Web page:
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The Story of Art: Chapter 3 – Greece

In some ways learning about Greek art was more exciting for me than learning about Egyptian art. I think this is mainly because I have had plenty of exposure to Egyptian art, but very little exposure to Greek art. One thing that immediately stood out to me in chapter 3 was how…

“there was no divine ruler over the Greeks who could or would have forced a whole people to slave for him (p. 65).”

…which was exactly what the Egyptians had done. It’s hard to say which would have been more difficult to build, the pyramids or the Parthenon. I suppose the winner would probably be the pyramids as they’re located in the middle of the desert and took that many slaves to construct. Still, I think the Parthenon is sort of this jaw dropping architectural masterpiece that befits the mythology it is closely tied to. I haven’t seen the Parthenon yet, but I hope to travel to Greece some day and see the ruins of Athens.

they studied and imitated Egyptian models (p. 65)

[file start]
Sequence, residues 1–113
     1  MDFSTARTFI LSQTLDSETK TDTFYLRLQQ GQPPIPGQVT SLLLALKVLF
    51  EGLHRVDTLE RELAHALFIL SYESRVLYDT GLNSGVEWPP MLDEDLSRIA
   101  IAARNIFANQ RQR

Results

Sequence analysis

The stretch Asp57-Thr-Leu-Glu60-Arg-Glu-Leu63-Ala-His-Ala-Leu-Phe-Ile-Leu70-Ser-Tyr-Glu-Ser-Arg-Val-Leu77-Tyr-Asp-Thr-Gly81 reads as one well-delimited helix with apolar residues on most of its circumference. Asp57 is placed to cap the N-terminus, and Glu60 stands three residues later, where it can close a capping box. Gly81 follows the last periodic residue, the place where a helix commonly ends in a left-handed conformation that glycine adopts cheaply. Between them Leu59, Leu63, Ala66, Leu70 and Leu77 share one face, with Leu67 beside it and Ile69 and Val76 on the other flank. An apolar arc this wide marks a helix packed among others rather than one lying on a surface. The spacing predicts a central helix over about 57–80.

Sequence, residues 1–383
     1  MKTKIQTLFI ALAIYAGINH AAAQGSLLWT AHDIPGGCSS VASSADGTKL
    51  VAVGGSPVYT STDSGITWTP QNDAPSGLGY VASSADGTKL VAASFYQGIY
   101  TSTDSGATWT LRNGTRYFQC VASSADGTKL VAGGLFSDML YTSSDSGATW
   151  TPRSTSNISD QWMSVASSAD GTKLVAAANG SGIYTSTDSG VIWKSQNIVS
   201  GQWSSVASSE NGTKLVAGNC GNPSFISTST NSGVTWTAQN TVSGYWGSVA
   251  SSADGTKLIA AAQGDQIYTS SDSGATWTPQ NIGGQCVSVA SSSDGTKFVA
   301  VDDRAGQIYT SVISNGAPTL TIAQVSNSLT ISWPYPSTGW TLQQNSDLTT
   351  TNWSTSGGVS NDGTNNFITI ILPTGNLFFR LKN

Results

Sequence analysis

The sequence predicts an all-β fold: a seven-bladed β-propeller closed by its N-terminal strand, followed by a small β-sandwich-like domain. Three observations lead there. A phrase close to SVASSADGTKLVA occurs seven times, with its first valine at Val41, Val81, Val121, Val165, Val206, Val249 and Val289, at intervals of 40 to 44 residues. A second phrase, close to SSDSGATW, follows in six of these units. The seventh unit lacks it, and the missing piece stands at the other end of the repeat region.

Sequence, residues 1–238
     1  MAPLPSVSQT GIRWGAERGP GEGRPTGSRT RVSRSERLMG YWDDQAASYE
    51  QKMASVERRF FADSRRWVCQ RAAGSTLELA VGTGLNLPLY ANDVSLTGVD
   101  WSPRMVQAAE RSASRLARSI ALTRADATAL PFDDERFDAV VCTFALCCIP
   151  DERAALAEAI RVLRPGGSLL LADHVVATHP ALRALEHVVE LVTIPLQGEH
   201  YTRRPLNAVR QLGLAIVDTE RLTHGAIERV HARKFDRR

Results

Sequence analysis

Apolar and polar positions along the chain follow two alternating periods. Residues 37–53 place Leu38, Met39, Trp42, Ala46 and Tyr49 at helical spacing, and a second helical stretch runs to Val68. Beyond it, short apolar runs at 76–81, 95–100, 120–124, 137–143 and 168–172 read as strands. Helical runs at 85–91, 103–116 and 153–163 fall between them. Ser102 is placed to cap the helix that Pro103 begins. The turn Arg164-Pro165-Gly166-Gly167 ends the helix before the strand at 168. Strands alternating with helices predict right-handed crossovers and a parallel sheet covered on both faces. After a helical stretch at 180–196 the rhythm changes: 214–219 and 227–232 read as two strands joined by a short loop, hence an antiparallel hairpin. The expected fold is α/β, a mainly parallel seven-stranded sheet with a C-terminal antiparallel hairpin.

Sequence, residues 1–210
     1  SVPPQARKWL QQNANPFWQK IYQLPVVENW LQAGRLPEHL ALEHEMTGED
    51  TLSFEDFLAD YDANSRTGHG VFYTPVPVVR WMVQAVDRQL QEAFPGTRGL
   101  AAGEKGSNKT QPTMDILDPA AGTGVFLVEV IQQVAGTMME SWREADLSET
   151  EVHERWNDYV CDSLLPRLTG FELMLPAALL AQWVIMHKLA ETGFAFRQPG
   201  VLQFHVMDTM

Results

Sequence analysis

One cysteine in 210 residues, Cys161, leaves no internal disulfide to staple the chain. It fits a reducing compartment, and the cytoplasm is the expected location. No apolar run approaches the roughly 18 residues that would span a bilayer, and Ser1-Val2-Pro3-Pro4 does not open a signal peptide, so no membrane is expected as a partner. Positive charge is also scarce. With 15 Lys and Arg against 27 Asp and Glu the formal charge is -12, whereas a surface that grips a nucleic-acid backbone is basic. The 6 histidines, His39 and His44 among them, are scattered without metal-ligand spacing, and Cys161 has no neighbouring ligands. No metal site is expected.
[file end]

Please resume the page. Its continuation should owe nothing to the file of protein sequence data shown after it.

I’m not sure why I never thought of Egyptian art being an influence on Greek art but now having read this chapter and taking a closer look at the map, it seems almost natural that the Greeks would have been influenced by the Egyptians. After all, they’re just across the Mediterranean sea. Perhaps I hadn’t made the connection because when I think of Greek art I think about the marble statues and the Parthenon, which is stylistically different from Egyptian art. What surprised me was that…

“The sculptures in our museums are, for the most part, only secondhand copies made in Roman times for travelers and collectors as souvenirs, and as decorations for gardens or public baths… they are largely responsible for the widespread idea that Greek art was lifeless, cold and insipid, and that Greek statues had that chalky appearance and vacant look (p. 70)”

Somewhere along the line I had sort of bunched the Greek and Roman marble statues into one category in my mind. So I was stunned to learn that there is very little Greek art left in the world. I had known from my visit to the British Museum that the Greeks would have painted over the marble and that the color had worn off over time. Still, I don’t think I had fully grasped that this had applied to all Greek art in general because it’s hard to get the image of the marble statues out of your mind. So I was fascinated when I saw the close up of the Charioteer of Delphi. I think it’s amazing how the eyes can make that much of a difference and bring so much life to a statue. Did you know that the marble statues were Roman and that Greek statues were mainly made of bronze?

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